This entire episode – the July meeting in New York, the text messages from Adrian Gonzalez and Dustin Pedroia, the entire soap opera that is a below-.500 team finding the gall to blame its issues on its manager – has taken an even more bizarre and blatantly uncommunicative turn. Yesterday, instead of addressing the issues head on, talking straight with the media and the fans, and giving Red Sox Nation any smidgen of hope that ownership had its hands on the wheel of this Titanic, we get this, from Larry Lucchino:
“We are very concerned about a breach of confidence in this matter because in the 10 years we’ve held these meetings, we’ve never had information leak like this.”
Really, Larry? Your most pressing concern in this matter is that, basically, someone told on you? That’s the big takeaway here? Don’t you think that’s a little… out of touch?
Look, Larry, I’m no public relations maven, and I don’t work for the Red Sox. I’m a lawyer, like you, and I have the same training you have. I see what you’re trying to do here: group people with opposing viewpoints together behind a common cause, get them all angry at the Other Guy, find the Other Guy, destroy the Other Guy, invite everyone out for a celebratory drink together, revel in newfound satisfaction.
But, this time, it’s utterly transparent. Nobody cares, really, about who leaked the story of the meeting – it will probably remain a mystery forever, along with what was in those shakes in the Dominican Republic (David Ortiz is on it, and will let you know), the identity of the chicken and beer snitch (Josh Beckett’s on the case, folks!), and why Heidi Watney really left town (I’m going to just leave that one alone). A lot of internet whodunit commenters think backup catcher Kelly Shoppach spilled the meeting on his way out of town. Who cares?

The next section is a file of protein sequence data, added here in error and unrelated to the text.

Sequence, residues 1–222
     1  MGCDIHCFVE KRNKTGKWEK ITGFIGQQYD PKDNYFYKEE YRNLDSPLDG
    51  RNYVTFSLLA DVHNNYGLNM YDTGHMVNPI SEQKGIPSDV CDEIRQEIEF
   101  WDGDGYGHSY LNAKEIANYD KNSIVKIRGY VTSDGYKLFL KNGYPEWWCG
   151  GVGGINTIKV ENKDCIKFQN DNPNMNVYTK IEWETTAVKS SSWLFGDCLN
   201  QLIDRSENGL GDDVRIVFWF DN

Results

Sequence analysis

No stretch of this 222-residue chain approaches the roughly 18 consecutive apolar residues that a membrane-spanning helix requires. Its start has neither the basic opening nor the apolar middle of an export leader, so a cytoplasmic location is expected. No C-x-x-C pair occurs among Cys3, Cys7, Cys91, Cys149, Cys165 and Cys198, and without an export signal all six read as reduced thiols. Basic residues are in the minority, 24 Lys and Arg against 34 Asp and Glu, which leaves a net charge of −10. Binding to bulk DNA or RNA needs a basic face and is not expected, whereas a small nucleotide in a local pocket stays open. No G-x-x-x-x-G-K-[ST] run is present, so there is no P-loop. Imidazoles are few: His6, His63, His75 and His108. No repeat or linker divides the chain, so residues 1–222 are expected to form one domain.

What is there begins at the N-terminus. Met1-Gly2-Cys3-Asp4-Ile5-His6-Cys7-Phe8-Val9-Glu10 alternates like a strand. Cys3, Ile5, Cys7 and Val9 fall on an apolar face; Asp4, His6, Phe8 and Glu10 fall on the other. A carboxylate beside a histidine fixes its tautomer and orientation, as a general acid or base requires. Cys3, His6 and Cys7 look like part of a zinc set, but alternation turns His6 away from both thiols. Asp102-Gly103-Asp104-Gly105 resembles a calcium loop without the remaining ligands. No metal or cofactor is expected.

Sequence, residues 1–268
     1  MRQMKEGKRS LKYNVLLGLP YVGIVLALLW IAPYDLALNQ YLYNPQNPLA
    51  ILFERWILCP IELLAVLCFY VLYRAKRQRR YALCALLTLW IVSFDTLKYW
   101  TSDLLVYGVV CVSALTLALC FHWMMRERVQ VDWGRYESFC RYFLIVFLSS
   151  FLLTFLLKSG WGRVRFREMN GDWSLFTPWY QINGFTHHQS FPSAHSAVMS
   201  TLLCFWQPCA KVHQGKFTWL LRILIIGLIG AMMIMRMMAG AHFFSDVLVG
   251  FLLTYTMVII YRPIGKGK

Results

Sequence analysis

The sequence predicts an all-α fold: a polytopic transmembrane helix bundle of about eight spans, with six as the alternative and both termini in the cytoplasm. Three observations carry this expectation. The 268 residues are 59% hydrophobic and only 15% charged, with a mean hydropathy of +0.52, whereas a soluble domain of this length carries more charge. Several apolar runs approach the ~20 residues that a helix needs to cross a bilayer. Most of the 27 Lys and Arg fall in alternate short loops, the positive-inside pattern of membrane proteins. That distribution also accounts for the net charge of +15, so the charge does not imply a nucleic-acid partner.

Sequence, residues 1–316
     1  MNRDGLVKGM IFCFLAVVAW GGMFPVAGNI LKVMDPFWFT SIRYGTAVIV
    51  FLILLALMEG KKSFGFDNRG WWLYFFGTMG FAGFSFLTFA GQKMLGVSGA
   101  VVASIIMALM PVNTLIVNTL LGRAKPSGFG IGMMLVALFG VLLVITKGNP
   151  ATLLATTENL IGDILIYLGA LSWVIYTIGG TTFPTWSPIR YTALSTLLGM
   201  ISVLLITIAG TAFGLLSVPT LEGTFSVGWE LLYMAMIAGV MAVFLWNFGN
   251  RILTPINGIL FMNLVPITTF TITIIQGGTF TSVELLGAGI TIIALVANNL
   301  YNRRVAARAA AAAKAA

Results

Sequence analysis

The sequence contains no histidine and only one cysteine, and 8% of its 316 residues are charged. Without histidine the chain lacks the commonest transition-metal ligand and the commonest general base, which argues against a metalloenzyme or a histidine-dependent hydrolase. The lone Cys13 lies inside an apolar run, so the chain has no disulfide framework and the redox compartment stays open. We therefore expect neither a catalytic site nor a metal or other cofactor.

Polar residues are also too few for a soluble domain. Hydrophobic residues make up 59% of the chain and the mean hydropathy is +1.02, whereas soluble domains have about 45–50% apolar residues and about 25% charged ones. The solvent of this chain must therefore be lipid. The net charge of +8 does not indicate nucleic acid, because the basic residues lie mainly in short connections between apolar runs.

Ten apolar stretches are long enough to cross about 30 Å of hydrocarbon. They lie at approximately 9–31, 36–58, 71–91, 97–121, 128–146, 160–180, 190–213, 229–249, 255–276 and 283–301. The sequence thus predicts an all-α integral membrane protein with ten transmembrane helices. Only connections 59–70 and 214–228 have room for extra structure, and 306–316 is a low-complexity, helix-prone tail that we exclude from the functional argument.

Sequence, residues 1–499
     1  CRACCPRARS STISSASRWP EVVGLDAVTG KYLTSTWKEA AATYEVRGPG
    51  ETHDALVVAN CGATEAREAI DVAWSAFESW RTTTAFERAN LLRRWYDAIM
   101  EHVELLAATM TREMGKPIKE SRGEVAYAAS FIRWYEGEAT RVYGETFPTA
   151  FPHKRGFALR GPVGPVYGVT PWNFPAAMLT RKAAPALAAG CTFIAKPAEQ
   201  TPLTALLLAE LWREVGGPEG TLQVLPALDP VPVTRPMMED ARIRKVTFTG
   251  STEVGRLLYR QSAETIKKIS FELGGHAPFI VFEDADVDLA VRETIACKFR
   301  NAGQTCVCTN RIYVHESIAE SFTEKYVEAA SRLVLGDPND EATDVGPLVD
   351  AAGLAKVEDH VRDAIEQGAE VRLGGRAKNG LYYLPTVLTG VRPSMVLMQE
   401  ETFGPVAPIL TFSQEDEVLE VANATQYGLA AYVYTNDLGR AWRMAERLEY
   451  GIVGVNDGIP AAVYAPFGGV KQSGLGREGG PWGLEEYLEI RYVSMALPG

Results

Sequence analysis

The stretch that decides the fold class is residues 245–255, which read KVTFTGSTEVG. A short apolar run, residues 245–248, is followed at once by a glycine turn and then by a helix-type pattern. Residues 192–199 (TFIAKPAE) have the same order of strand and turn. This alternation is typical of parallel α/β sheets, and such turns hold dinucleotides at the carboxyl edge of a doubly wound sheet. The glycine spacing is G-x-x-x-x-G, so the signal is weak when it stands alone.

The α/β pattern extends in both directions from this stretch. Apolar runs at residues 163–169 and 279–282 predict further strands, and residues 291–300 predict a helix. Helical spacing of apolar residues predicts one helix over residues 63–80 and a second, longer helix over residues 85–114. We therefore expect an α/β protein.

Let’s say we learn that the snitch is Kelly Shoppach. Big deal, it’s Kelly Shoppach. That doesn’t change the substance of the meeting, and it doesn’t change the obvious rampant discord up and down the Sox organization right now. It seems to me that it’s far more important to address WHAT was said, than it is to bluster about WHO said it.
And, it’s amazing how quickly the players have toed the company line on this. Ortiz, one of the last vestiges of 2004, the guy everyone looks to when the team needs a boost, said the following:
I hope it’s not someone on the team. Maybe it’s coming from outside. A lot of this stuff comes from outside, from people who we never see here. It doesn’t come from the reporters who cover the team because they know what’s going on.
Note that Ortiz didn’t address the actual point, either: whether there’s a disconnect between players, management, and the front office, and where in the system the fault lies. He’s blaming the media – just not the beat writers who play a huge role in forming and maintaining his public image.
And, from Bobby Valentine, the victim in this entire exhausting vortex of doom:
I don’t know if it’s weighing on me, but the guys are upset that every time we win a game, something else pops out of the bag of tricks. I guess this guy was sitting on the story for about three weeks and decided to wait right before the Yankees series to pop it out there. Great stuff, really good stuff.